51 seats needed for a majority
Results by parliamentary constituency.
The second election to the Greater London Council was held on 13 April 1967, and saw the first Conservative victory for a London-wide authority since 1931.
New constituencies to be used for elections to Parliament and also for elections to the GLC had not yet been settled, so the London boroughs were used as multi-member 'first past the post' electoral areas. Westminster was joined with the City of London for this purpose. Each electoral area returned between 2 and 4 councillors.
In addition to the 100 councillors, there were sixteen Aldermen who divided 10 Conservative and 6 Labour, so that the Conservatives actually had 92 seats to 24 for Labour following the election.
With an electorate of 5,319,023, there was a turnout of 41.1%.
Among those defeated in the election were the Labour leader, Bill Fiske in Havering by a Conservative team that included Jeffrey Archer, who was making his entrance into politics. Other notable politicians who had their first success at this election include Harvey Hinds (Labour, Southwark, later Chief Whip for Ken Livingstone) and Christopher Bland (Conservative, Lewisham, later Chairman of the BBC).
|National Union of Council Tenants||1,977||0.1||4||0|
|John Hampden New Freedom Party||1,580||0.1||1||0|
|Islington Tenants and Ratepayers
|Ind. Carnaby Street candidates||870||0.0||2||0|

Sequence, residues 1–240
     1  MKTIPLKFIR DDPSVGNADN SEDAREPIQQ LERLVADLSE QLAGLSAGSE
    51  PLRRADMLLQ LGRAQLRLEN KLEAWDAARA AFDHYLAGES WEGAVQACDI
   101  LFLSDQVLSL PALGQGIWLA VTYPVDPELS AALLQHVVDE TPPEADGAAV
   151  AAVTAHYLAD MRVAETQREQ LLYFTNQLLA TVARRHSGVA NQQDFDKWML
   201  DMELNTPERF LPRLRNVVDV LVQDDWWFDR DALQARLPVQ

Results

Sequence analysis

|European Labour Party||664||0.0||1||0|
One of the successful Conservative candidates, Sheila Bradley (Greenwich), was a school nurse for the Inner London Education Authority. It was discovered that this was a disqualifying office, as she was in effect an employee of the GLC (as ILEA was technically a committee of the GLC); she resigned on 24 May prior to the hearing of an election petition. At a by-election on 29 June, Labour gained the seat. There were two further by-elections during the term: on 7 November 1968 the Conservatives held a seat in Bromley after the death of a councillor, and on 12 December of the same year the Conservatives held a seat in Havering after one of their councillors resigned.
There were two seats vacant by the end of the term. A Conservative councillor for Harrow died on 8 June 1969, and on 8 January 1970 a Conservative councillor for Hammersmith was disqualified after failing to attend a meeting of the GLC or its committees for six months.